that, in mice, such downregulation required the presence of
NOD2. Furthermore, they showed that such downregulation
affected a broad range of cytokine responses resulting from TLR
stimulation. As noted below, these findings of Watanabe et al.
were corroborated by a host of related studies and by studies of
other investigators.40–42 One dissenting voice, however, was that
of Kim et al.36 who showed that although pre-stimulation with
MDP led to diminished subsequent MDP responses it had, if
anything, the effect of augmenting subsequent TLR responses.
It should be noted, however, that these investigators used far
lower pre-stimulatory concentrations of MDP than those used
in the studies by Watanabe et al.
In further studies expanding on the above findings relating to NOD2-regulatory function, it was shown that NOD2deficient mice, as compared with NOD2-intact mice, exhibited
greatly increased susceptibility to colitis caused by intrarectal
administration of recombinant E. coli expressing ovalbumin
peptide (termed “ECOVA”) to mice adoptively transferred
ovalbumin peptide-specific T cells.43 These findings were supported by those from a series of studies in which the function
of NOD2 was probed in mice with increased NOD2 signaling
either because they overexpressed NOD2 or because they had
been administered exogenous MDP. In NOD2 overexpression
studies, it was found that mice carrying a NOD2 transgene in
major histocompatibility complex class II-positive cells had antigen-presenting cells, which exhibited reduced PGN-induced
cytokine responses; in addition, these mice manifested greatly
increased resistance to the induction of colitis by intrarectal
administration of PGN or by trinitrobenzene sulfonic acid,
agents that cause an IL-12-dependent acute colitis.44 Similarly,
it was found that in mice, administration of an intact NOD2expressing plasmid led to total resistance to induction of
trinitrobenzene sulfonic acid colitis, whereas administration of
a plasmid expressing a NOD2 with a frameshift mutation similar
to that in Crohn’s disease led to only a minor increase in resistance to induction of trinitrobenzene sulfonic acid colitis.44
Parallel studies in which NOD2 signaling was augmented by
administration of exogenous MDP yielded results compatible
with those from the overexpression studies. Here, it was observed
that parenteral administration of MDP to intact mice led to virtually complete blockade of either dextran sulfate sodium colitis or trinitrobenzene sulfonic acid colitis induction, whereas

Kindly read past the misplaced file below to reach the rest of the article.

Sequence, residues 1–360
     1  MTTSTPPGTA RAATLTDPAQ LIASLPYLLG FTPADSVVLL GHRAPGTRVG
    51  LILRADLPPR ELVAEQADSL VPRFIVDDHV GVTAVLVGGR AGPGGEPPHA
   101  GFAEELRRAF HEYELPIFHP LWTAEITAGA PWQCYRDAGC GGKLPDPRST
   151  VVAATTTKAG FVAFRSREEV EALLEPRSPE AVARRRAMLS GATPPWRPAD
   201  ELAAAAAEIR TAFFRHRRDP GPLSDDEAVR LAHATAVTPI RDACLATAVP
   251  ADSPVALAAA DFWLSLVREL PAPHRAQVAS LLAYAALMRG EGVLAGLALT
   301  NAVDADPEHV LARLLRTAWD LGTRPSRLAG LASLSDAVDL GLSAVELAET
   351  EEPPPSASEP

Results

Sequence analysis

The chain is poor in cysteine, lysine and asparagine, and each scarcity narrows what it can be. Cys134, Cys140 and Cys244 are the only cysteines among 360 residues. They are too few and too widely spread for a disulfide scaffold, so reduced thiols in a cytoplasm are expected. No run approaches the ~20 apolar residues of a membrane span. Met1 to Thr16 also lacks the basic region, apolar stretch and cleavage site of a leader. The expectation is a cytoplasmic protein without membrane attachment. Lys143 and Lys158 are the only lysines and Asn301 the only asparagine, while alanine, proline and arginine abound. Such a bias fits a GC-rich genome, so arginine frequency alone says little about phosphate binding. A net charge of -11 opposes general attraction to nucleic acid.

such administration of MDP to NOD2- or RICK-deficient mice
had no effect on dextran sulfate sodium colitis induction.45
Moreover, MDP-treated mice contained lamina propria cells
manifesting greatly decreased responses to multiple TLR ligands. In a final study along these lines which combined overexpression of NOD2 with MDP administration, NOD2-deficient
mice were administered plasmids expressing intact NOD2 or
NOD2 with a frameshift mutation.45 It was found that mice
administered an intact NOD2 vector were protected from dextran sulfate sodium colitis when administered parenteral MDP,
whereas mice administered mutated NOD2 or control (empty)
vector were not so protected. Thus, provision of intact NOD2
but not mutated NOD2 rendered NOD2-deficient mice capable
of responding to the colitis-protective effect of MDP administration. Overall, these studies of mice in which NOD2 signaling was augmented in NOD2-intact mice or simply provided in
NOD2-deficient mice provided powerful evidence that NOD2
signaling had a profound tolerogenic effect on TLR responses
which could abrogate induction of colitis.
Studies of mice subjected to GvHD in which the effects of
NOD2 deficiency in hematopoietic donor and recipient cells
could be assessed provided corroboration of the above studies of
the regulatory effect of NOD2 signaling in hematopoietic cells.46
These studies showed that allogeneic bone marrow transplantation from NOD2-deficient mice into NOD2-intact recipient
mice led to increased activation of donor T cells and therefore
more intense GvHD responses. One important implication of
these studies is that lack of NOD2-regulatory effects causes not
only gut inflammation but also inflammation in sterile organs
in which the confounding effects of the gut flora are not operative. In this model, increased inflammation leading to enhanced
GvHD occurs within a sterile environment presumably under
the influence of endogenous TLR ligands.